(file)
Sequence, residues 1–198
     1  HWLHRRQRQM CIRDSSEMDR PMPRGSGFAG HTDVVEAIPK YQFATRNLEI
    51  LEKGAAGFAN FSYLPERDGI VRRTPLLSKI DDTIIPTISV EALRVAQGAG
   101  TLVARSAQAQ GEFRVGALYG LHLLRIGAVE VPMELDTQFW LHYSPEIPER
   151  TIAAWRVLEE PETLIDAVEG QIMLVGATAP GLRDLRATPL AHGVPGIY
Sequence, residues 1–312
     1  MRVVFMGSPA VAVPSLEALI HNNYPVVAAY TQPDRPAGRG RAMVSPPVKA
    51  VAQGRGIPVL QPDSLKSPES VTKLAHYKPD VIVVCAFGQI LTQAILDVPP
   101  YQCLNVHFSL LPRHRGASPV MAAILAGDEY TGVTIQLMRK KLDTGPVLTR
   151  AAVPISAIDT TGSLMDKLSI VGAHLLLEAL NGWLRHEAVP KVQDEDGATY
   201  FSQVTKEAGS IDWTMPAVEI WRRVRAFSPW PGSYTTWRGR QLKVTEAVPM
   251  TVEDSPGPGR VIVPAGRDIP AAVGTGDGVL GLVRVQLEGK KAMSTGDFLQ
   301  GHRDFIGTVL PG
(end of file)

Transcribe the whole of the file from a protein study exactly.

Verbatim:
Sequence, residues 1–198
     1  HWLHRRQRQM CIRDSSEMDR PMPRGSGFAG HTDVVEAIPK YQFATRNLEI
    51  LEKGAAGFAN FSYLPERDGI VRRTPLLSKI DDTIIPTISV EALRVAQGAG
   101  TLVARSAQAQ GEFRVGALYG LHLLRIGAVE VPMELDTQFW LHYSPEIPER
   151  TIAAWRVLEE PETLIDAVEG QIMLVGATAP GLRDLRATPL AHGVPGIY
Sequence, residues 1–312
     1  MRVVFMGSPA VAVPSLEALI HNNYPVVAAY TQPDRPAGRG RAMVSPPVKA
    51  VAQGRGIPVL QPDSLKSPES VTKLAHYKPD VIVVCAFGQI LTQAILDVPP
   101  YQCLNVHFSL LPRHRGASPV MAAILAGDEY TGVTIQLMRK KLDTGPVLTR
   151  AAVPISAIDT TGSLMDKLSI VGAHLLLEAL NGWLRHEAVP KVQDEDGATY
   201  FSQVTKEAGS IDWTMPAVEI WRRVRAFSPW PGSYTTWRGR QLKVTEAVPM
   251  TVEDSPGPGR VIVPAGRDIP AAVGTGDGVL GLVRVQLEGK KAMSTGDFLQ
   301  GHRDFIGTVL PG